[PP.27.06] FREQUENCY OF MASKED HYPERTENSION AND WHITE COAT EFFECT IN UNCONTROLLED HYPERTENSIVE PATIENTS TREATED WITH MONO OR DUAL THERAPY

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Abstract

Objective:

Estimate in a real life setting, the frequency of masked hypertension (MH) and white coat effect (WCE) in hypertensive patients treated with one or two drugs, in whom the treating physician decided to intensify the treatment due to target blood pressure not reached.

Design and method:

The study was prospective and observational, carried out among 174 physicians randomly selected in Tizi-ouzou city (Algeria). Each doctor included between December 2013 and March 2014, 10 consecutive patients with office blood pressure (OBP) superior or equal to 140/90 mmHg despite 1 or 2 medications and in whom he decided to escalate treatment, left on his discretion. After 6 months follow-up, we recorded OBP and 24-hour ambulatory blood pressure (ABP). The MH was defined as OBP inferior to140/90 mmHg and ABP superior or equal to 130/80 mmHg, and the WCE as OBP superior or equal to 140/90 mmHg and ABP inferior to 130/80 mmHg. To estimate the prevalence of MH and WCE with 2% accuracy and 95% confidence, we should include at least 1225 subjects.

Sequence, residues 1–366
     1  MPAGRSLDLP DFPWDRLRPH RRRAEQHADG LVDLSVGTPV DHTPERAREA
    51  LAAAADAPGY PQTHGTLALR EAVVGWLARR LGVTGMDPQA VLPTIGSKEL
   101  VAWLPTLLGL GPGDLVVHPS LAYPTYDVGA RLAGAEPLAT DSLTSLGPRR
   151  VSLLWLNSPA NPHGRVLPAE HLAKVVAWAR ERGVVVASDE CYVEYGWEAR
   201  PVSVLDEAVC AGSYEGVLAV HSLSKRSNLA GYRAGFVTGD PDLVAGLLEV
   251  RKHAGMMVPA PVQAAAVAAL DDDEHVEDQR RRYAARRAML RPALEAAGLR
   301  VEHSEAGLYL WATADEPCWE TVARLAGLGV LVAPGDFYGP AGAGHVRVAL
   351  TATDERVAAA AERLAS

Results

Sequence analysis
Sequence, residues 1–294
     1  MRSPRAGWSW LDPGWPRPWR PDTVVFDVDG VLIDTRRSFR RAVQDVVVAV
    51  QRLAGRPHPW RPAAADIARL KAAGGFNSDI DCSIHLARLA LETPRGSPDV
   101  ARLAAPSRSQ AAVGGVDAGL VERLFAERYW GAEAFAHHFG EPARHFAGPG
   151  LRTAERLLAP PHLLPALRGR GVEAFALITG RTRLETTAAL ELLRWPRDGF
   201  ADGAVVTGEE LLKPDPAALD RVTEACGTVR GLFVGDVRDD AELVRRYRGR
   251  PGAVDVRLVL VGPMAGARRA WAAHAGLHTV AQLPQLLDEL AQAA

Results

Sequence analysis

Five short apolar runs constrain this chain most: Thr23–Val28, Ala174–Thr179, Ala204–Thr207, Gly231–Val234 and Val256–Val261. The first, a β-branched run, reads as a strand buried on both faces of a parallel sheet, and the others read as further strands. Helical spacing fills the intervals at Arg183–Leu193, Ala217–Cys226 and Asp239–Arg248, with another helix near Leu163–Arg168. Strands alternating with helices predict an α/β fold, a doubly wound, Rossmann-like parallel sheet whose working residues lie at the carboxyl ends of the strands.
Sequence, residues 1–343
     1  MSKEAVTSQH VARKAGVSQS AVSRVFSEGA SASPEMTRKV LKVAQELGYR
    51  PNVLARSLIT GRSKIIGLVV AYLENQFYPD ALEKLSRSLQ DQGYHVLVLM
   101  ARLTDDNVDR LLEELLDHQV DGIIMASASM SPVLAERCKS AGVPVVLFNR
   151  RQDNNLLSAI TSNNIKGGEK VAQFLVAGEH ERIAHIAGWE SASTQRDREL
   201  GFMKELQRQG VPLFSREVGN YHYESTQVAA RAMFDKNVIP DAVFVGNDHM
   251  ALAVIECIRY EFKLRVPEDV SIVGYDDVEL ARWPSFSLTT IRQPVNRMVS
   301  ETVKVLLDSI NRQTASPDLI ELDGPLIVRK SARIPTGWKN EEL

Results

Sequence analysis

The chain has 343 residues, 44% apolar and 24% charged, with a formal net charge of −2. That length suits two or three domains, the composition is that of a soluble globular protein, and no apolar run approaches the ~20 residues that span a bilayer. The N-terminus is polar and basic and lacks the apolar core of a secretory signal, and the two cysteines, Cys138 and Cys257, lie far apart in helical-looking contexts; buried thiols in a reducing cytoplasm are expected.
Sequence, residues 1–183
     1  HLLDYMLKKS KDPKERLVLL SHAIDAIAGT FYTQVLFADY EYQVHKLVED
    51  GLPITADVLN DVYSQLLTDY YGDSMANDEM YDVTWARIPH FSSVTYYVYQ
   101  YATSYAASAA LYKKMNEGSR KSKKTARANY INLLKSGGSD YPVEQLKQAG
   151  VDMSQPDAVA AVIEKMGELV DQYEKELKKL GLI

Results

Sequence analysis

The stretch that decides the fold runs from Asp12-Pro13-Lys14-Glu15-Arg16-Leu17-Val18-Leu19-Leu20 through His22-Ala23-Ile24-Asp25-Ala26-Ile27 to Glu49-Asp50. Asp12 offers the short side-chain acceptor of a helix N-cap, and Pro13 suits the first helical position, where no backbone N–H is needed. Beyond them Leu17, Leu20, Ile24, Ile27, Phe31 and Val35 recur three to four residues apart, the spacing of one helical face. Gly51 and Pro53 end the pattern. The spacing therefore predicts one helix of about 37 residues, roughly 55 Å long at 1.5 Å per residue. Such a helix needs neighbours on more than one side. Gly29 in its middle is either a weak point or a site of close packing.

Results:

After 6 months follow-up, OBP and ABP were available in 1426 patients. The characteristics of the population were: mean age: 57.2 ± 12.3 years; men: 61.4%; diabetes: 37.8%; BMI: 28.7 ± 3.9; dyslipidemia: 40.7%; prior major cardiovascular event: 14.2%; number of drugs per patient: 2.9 ± 1.1. The mean OBP and ABP at 6 months were 149.8 ± 19.6/ 89.4 ± 12.8 mmHg and 138.9 ± 13.7/ 84.7 ± 12.4 mmHg respectively. The prevalence of MH and WCE were 25.3% (CI 95%: 23%–27.6%) and 8.8% (CI 95%: 7.3%–10.3%) respectively. In the 579 apparently controlled patients (OBP inferior to 140/90 mmHg), 62.3% had ABP superior or equal to 130/80 mmHg and require in fact a further treatment intensification. In the 847 patients with seemingly uncontrolled hypertension (OBP superior or equal to 140/90 mmHg), 14.3% had ABP inferior to 130/80 mmHg and no therapeutic changes are actually useful.

Conclusions:

Our study suggests the need for a systematic use of ABP measurement in the management of uncontrolled hypertension.

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